Lo, and behold, “Philip” was in Fiji to decide the fate of the Editor over a totally unrelated media issue; to our great relief the Editor was going on leave until further notice. That night I hid huge amounts of highly sensitive materials passed onto me in the publisher’s metal safe and later, in collaboration with local politicians and the foreign media, we exposed the Carroll Report on the eve of the 1982 general elections. One of the key Australian authors of the Report, one Rosemarie Gilliespie, was my key source. She was disgusted with the final outcome suggested in the Carroll Report in a racially divided Fiji.
The Carroll Report and Mac Patel
But who commissioned the Carroll Report? How did it all begin? In November 1980, an Indo-Fijian Gujerati businessman and member of the Alliance Party Management Board, Mahendra Motibhai Patel (MMPatel) needed someone to advise his Motibhai and Company, on the future planning of their company. Discussions with Adam Dickson, a partner of the Fiji branch of the multinational firm, Coopers and Lybrand, auditors and advisers of Motibhai since 1961, led to further talks with Dickson’s counterpart in Sydney, Australia, John Goddard, who subsequently recommended one Alan Carroll of Business International (BI) as the best choice for the project.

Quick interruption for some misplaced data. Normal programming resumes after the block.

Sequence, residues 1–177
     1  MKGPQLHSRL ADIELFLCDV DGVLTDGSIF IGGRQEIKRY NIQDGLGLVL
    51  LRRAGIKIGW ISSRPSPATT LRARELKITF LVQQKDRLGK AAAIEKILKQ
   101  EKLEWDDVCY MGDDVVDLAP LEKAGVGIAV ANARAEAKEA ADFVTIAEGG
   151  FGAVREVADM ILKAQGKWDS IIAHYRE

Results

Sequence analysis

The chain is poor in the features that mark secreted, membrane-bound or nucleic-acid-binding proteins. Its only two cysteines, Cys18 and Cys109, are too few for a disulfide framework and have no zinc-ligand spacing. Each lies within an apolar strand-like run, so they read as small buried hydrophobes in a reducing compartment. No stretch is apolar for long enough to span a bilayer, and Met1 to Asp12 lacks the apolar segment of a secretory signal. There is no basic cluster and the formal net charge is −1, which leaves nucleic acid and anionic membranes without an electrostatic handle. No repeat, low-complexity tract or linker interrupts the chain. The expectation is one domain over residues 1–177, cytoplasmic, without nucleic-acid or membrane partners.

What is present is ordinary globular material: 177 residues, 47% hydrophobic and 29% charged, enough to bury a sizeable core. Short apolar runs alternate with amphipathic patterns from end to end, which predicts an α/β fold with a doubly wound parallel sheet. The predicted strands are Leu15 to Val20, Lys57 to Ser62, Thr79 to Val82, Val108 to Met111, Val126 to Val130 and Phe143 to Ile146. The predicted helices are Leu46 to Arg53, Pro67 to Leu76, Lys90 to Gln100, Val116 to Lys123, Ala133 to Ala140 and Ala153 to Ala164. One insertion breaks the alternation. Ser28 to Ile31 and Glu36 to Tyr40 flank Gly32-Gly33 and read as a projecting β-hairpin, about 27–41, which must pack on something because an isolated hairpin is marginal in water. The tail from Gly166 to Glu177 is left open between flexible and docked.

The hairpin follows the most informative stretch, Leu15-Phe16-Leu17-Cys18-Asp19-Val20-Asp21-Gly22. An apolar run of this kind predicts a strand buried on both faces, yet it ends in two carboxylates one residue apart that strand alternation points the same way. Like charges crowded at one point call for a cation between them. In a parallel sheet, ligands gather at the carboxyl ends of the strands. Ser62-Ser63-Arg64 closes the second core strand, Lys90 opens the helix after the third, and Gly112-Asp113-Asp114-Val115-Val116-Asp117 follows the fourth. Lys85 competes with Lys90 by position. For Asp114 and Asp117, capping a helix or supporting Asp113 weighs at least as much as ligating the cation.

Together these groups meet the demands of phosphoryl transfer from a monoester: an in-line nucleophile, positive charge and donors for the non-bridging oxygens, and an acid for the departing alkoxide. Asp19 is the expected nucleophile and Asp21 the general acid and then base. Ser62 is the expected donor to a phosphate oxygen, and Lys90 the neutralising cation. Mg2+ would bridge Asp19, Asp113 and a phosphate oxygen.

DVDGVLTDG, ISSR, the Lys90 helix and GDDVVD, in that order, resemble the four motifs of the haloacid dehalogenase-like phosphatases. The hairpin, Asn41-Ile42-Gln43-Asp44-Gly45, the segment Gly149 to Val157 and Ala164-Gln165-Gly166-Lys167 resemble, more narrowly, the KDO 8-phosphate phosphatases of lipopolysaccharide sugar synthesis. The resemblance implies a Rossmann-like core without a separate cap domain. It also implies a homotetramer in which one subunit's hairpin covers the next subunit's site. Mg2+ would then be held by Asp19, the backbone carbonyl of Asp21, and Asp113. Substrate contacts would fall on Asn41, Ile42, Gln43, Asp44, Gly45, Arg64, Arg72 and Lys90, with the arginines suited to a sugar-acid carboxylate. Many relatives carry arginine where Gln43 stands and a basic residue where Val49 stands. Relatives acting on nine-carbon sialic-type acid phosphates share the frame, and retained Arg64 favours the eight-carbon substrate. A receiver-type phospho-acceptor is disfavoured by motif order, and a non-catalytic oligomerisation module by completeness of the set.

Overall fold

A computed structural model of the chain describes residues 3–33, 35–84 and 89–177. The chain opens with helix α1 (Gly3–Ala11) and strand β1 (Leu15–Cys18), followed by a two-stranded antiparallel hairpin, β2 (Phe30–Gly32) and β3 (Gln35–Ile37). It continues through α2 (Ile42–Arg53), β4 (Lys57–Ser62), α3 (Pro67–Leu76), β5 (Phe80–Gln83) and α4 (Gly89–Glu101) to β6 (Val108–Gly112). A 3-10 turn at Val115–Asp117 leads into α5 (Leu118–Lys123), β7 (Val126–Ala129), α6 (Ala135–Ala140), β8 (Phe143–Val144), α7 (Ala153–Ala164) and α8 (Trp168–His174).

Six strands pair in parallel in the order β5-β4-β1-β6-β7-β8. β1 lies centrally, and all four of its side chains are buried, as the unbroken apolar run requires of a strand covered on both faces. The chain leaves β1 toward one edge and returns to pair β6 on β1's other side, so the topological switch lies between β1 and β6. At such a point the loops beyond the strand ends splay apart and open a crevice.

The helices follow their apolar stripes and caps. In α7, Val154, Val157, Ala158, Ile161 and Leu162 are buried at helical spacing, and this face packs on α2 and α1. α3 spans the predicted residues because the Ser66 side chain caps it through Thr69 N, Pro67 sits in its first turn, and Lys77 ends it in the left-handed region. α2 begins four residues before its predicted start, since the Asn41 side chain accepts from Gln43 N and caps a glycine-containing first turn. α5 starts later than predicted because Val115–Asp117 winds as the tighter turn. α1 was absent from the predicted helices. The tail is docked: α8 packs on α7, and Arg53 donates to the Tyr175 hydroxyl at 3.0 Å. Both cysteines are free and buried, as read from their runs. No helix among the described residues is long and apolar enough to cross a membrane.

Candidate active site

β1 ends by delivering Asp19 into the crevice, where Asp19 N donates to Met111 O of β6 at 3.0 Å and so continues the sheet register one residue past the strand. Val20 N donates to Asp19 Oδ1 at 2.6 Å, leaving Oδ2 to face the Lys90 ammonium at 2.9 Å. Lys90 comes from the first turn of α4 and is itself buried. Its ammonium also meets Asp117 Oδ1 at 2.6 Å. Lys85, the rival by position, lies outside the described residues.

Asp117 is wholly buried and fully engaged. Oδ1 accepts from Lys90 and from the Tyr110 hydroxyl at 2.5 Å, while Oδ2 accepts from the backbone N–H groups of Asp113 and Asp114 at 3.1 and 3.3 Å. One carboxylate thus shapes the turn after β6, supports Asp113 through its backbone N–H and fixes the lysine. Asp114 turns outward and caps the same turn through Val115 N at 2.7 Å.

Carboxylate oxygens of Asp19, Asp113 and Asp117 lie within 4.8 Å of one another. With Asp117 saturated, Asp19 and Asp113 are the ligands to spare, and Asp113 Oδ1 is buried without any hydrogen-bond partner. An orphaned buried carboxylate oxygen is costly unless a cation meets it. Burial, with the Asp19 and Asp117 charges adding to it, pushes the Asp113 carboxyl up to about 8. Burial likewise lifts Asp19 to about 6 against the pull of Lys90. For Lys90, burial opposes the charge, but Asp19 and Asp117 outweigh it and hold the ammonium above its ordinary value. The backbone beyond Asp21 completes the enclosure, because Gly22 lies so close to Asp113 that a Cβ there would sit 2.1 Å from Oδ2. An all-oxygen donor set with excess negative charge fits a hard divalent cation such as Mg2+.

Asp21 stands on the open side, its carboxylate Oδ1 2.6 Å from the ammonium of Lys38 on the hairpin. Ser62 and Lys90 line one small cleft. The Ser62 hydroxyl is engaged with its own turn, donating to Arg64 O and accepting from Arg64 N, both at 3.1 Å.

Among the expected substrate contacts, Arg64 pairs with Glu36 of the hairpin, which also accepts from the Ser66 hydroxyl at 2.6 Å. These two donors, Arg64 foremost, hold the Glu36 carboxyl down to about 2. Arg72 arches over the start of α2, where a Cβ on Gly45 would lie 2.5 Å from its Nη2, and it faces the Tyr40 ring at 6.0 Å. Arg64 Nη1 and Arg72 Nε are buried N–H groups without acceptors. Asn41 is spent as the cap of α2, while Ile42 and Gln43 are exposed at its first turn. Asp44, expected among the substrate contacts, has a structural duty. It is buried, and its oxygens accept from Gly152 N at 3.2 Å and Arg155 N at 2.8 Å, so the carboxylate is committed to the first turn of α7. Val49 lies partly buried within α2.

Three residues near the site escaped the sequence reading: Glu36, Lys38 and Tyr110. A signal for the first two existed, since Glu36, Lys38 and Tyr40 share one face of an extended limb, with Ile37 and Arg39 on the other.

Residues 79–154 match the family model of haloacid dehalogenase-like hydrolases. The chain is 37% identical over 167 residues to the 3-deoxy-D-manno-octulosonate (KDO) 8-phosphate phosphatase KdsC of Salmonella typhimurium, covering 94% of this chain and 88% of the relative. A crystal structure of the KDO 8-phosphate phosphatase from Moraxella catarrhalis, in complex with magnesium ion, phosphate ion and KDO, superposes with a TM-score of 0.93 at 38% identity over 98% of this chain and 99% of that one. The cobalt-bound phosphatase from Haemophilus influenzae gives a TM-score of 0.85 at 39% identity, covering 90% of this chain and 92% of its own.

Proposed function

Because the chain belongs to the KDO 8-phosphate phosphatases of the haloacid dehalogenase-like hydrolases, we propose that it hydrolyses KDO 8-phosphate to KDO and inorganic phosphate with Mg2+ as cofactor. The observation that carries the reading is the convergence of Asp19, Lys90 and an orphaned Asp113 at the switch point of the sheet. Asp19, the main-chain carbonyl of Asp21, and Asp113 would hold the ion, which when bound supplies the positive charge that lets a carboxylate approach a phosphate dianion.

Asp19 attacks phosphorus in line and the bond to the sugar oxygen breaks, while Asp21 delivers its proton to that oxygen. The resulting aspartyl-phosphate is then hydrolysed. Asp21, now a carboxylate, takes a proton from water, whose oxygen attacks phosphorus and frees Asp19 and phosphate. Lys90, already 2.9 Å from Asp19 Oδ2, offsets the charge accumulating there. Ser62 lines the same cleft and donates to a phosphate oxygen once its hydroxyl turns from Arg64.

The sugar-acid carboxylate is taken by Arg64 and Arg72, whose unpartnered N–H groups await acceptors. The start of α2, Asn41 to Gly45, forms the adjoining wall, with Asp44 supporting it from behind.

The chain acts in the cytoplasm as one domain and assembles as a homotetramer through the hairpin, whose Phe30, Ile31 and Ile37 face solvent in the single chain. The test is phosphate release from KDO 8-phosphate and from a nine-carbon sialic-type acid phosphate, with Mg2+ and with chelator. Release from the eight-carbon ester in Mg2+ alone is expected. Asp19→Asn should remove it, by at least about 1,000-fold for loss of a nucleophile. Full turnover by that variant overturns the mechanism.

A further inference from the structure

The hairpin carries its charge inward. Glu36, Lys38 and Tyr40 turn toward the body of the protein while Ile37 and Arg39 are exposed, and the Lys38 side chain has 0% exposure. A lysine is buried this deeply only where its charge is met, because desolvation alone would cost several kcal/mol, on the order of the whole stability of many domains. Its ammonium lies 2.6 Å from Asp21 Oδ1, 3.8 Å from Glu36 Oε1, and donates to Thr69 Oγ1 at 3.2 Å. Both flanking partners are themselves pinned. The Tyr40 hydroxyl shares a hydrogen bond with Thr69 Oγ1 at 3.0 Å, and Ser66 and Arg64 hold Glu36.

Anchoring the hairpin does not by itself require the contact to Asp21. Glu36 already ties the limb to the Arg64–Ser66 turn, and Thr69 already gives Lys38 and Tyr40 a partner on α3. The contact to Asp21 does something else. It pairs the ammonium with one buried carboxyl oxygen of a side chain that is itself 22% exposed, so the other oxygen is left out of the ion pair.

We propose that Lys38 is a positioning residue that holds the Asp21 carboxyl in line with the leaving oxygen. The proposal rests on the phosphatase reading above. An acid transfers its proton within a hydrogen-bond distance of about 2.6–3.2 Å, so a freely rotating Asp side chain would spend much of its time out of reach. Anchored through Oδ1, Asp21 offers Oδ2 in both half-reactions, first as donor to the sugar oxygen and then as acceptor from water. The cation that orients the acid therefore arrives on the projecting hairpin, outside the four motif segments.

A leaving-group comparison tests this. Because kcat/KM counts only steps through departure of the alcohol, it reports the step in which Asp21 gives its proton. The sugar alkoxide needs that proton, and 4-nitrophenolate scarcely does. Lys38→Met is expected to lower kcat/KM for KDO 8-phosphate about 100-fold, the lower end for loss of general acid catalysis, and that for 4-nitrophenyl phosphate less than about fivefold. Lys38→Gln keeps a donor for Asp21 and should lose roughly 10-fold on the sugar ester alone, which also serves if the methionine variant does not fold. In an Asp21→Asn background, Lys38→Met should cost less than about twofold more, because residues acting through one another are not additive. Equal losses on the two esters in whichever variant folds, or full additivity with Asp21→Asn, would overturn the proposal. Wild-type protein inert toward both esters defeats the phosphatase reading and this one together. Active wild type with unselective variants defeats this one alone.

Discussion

BI had described itself as a global research and advisory corporation “serving corporations doing business across borders and those who support and govern them, including bankers, attorneys, accountants, consultants, colleges and universities and government officials”.
In December 1980 Carroll visited Fiji at Mac Patel’s invitation and, following negotiations, tentatively agreed to provide an economic and business survey for Motibhai, at a cost of $20,000. It was also agreed that the survey would not be conducted under the auspices of BI because the company “would charge twice as much for it”. On 17 December 1980 Carroll also gave a talk at Motibhai’s Administration Office about “economics and how politics in America has affected the politics of many countries in the world”. He also raised questions relating to Fiji government policies.